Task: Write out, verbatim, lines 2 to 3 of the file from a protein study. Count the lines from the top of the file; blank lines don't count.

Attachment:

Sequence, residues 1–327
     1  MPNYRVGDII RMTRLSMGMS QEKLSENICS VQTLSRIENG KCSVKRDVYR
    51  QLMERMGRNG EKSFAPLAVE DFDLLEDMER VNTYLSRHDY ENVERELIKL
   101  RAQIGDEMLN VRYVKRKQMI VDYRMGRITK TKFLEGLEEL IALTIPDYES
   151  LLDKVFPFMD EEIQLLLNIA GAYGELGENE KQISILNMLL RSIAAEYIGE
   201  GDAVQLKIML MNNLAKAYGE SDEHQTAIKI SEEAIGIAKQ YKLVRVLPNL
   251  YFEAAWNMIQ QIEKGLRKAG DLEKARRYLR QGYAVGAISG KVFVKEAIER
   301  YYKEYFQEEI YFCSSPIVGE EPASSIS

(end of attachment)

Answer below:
     1  MPNYRVGDII RMTRLSMGMS QEKLSENICS VQTLSRIENG KCSVKRDVYR
    51  QLMERMGRNG EKSFAPLAVE DFDLLEDMER VNTYLSRHDY ENVERELIKL